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Life after football networking event prepares Hawkeyes

Life after football networking event prepares Hawkeyes

IOWA CITY — Yesterday’s Hawkeyes spent some time Thursday evening talking to today’s Hawkeyes about tomorrow.

Iowa’s football program hosted its fifth annual Networking Night, bringing together a group of 31 former players to connect and communicate with 70 players who are back on campus working toward the start of the 2019 season.

Current Hawkeyes worked their way around a room at Kinnick Stadium, asking questions and getting answers about life after football.

They then shared dinner tables at the Iowa football performance building, getting to know each further and making friends who could ultimately one day provide a real-world assist when they enter the job market.

"When these guys were in our footsteps, all they wanted to do was play football," Iowa quarterback Nate Stanley said. "When that ended for them, it wasn’t the end of their life or their career."

That is the point of an event coach Kirk Ferentz said was the brainchild of former Hawkeye quarterback Chuck Hartlieb.

"Probably of all the things we’ve done in the last 20-plus years here, this event continues to give us the best feedback," Ferentz said. "Our players enjoy it. It has been a good deal, a good initiative."

Eric Thigpen, an Iowa defensive back from 1995-98 who played in the NFL, CFL and Arena League before calling it a career, now works in pharmaceutical sales.

He said many of the questions he fielded were ones he had himself when he was playing for coach Hayden Fry’s teams.

"Guys were asking about grad school, internships, just life after football. You invest so much in this game, but the reality is not everyone is going to the NFL, and if you do, it’s not forever," Thigpen said. "Hopefully, we could provide some insight."

Former Hawkeye Joe Conklin, a one-time Iowa walk-on now working as the athletics director at Rock Island Alleman High School, fielded a lot of questions about what it took to be an athletics director or get into coaching.

"A lot of really good questions from guys who understand that ultimately there has to be more to life that playing football," Conklin said. "Some wanted to know about my job, grad school, those types of things. This is a great event. I wish it would have been around when I was playing because the questions, they were a lot of the ones I had when I was playing. What’s next?"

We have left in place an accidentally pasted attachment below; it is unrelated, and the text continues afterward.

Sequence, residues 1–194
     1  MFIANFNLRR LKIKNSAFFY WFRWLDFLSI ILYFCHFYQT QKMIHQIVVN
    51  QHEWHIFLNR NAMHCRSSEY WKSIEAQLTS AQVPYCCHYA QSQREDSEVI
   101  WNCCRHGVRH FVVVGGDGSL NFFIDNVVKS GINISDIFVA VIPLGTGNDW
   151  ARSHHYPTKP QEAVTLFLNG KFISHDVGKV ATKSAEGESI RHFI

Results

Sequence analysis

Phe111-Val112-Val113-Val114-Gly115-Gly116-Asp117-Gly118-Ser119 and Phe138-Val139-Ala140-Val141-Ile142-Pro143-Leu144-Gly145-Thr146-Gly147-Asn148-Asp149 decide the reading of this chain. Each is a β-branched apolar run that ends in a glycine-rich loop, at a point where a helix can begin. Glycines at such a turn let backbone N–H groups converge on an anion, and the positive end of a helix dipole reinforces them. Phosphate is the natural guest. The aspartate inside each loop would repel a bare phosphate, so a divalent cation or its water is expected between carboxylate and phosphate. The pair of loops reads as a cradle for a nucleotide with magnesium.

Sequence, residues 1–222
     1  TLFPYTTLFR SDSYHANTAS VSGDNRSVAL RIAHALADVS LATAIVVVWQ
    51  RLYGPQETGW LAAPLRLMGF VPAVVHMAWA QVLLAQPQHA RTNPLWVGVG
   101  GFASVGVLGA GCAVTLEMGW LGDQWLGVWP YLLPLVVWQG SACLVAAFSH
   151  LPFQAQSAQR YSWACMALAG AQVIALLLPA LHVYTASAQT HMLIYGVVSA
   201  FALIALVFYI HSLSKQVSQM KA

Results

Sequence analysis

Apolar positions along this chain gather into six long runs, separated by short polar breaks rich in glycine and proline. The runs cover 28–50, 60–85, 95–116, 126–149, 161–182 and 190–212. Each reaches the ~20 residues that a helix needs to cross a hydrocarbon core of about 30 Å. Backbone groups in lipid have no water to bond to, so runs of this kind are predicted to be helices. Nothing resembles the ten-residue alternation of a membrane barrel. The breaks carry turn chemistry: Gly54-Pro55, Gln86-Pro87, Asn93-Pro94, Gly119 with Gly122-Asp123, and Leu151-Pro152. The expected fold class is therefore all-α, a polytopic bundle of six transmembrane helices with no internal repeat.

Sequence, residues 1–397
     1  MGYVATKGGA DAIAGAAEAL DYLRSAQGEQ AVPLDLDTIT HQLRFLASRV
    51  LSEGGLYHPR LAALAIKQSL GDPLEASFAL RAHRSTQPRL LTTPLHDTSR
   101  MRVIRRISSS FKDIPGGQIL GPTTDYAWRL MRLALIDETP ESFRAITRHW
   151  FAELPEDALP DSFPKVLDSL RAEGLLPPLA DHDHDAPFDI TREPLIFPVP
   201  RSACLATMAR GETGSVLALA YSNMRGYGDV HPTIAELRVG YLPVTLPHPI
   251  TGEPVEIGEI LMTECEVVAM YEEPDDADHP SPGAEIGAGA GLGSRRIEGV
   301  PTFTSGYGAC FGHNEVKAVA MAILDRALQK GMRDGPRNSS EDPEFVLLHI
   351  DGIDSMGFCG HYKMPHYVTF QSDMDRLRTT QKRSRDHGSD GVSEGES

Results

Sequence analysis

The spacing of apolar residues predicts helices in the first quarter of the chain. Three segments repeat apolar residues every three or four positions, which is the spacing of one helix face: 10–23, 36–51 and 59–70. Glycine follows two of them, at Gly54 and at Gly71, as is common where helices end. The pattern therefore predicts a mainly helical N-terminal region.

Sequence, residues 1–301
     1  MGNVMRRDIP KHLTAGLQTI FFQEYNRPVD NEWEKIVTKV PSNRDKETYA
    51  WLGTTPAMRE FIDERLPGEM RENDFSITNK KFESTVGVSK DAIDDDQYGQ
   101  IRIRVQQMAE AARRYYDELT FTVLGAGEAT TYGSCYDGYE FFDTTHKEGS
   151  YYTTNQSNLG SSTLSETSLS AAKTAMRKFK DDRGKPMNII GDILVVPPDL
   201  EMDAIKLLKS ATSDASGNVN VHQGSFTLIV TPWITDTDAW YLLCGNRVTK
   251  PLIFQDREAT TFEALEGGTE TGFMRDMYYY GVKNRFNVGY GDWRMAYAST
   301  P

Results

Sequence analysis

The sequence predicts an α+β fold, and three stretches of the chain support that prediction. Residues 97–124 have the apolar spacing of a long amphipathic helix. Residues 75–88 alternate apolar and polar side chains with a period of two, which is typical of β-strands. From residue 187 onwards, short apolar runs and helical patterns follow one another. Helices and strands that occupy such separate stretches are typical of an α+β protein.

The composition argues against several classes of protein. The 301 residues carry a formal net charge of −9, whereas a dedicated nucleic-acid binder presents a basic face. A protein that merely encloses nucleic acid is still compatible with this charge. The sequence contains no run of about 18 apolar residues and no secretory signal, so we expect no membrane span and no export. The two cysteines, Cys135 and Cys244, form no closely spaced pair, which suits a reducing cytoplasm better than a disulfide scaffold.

Several current players and Ferentz compared the format to speed dating.

Players moved around the room at a fairly brisk pace, taking notes, collecting information and gaining feedback at every stop along the way from former players who volunteered their time.

"The former players, they’ve been successful on and off the field, and they’ve been in our shoes, at a point where they didn’t maybe know what they wanted to do with their lives after football," running back Toren Young said.

"It was a good chance to pick their brains about what it takes to get from here to where they are now. All of us, we want to play as long as we can, but someday, that will end."

Anthony Herron, who played on Iowa teams coached by Fry and Ferentz between 1997-2000, saw injuries ultimately end a professional career that included stints in the NFL and Arena Football.

He majored in business and then English at Iowa and now works in broadcasting with the Pac-12 Network and as an analyst on Bears postgame show on Chicago’s Fox television station.

Herron encouraged Hawkeyes to maximize what they can learn today to create opportunities tomorrow.

"The skills that you develop as part of this football program, the discipline, the teamwork, those translate to the workforce in a number of ways," Herron said. "The more they learn from football and the detail work that goes into it, the better prepared they will be."

Iowa defensive back Michael Ojemudia understands that.

An engineering major whose father works in automotive design in his hometown of Detroit, Ojemudia dreams of one day also working for Ford.

He spent time Thursday talking with a couple of former Hawkeyes now working for John Deere.

"My dream is to play professional football, but there will be time when I will need what I’m learning in the classroom. Those guys stressed that there will be opportunities and some may not be far away," Ojemudia said. "It was a good chance to talk with those guys."

It’s a transition Stanley understands will ultimately take place.

"Hopefully, I won’t have to do that for a while, but I’ve always thought about my professional career," said Stanley, who eventually would like to pursue a career in physical therapy. "That’s something my parents have instilled in me. The education is a big part of this."

Ferentz has found that current players find a commonality with the former Hawkeyes they get a chance to talk with during the event.

"They’ve been in the same positions, maybe aren’t sure what they want to do with their lives but understand that the reality is at some point they’re going to need to figure it all out," Ferentz said.

The networking event gives current players connections, someone to be in contact with when that day does come.

"This is what football at Iowa is about," Ojemudia said. "It’s about getting us ready for life, not just the next game. Things like this, that’s part of why we come here."


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